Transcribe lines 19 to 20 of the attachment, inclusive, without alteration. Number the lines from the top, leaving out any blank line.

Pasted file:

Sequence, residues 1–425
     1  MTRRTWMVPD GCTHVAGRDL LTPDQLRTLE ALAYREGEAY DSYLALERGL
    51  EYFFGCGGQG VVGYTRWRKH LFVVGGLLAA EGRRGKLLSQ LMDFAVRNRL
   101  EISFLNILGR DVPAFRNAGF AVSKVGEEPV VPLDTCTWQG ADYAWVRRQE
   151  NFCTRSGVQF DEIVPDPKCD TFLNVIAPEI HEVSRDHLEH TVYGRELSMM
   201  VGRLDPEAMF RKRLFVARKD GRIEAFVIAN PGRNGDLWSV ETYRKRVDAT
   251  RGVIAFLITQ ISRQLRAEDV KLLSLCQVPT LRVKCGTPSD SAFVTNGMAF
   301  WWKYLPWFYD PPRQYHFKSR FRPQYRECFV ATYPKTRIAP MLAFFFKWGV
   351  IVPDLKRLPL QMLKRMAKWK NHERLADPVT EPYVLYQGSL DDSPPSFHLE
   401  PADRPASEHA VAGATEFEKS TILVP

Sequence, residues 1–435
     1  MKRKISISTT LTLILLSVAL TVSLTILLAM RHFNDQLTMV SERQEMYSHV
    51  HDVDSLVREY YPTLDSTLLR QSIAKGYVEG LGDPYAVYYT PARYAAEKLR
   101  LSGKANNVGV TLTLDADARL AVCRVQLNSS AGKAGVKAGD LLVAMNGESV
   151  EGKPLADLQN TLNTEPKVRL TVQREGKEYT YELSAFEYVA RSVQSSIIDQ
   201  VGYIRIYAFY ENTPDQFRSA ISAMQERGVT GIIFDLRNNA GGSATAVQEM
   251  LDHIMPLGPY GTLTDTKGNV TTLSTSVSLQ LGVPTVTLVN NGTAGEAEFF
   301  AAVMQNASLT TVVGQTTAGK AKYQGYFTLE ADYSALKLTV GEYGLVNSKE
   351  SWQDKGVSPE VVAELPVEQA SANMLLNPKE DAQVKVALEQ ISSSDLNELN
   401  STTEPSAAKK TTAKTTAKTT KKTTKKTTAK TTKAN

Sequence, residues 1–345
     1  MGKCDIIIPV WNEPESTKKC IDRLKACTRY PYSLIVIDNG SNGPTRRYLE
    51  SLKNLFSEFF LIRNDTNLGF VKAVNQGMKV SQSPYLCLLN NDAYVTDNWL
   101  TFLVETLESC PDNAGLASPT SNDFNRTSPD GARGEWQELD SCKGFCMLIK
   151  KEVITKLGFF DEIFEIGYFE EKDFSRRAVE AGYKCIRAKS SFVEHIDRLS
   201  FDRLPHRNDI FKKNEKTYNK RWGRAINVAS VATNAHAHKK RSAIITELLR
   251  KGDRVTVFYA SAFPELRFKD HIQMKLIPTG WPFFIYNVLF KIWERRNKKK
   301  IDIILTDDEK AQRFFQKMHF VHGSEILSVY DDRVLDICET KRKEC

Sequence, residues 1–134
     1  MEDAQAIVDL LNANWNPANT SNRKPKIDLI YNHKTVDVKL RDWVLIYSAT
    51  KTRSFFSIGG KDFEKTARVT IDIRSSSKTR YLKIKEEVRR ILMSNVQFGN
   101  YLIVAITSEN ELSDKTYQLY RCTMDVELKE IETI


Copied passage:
   351  SWQDKGVSPE VVAELPVEQA SANMLLNPKE DAQVKVALEQ ISSSDLNELN
   401  STTEPSAAKK TTAKTTAKTT KKTTKKTTAK TTKAN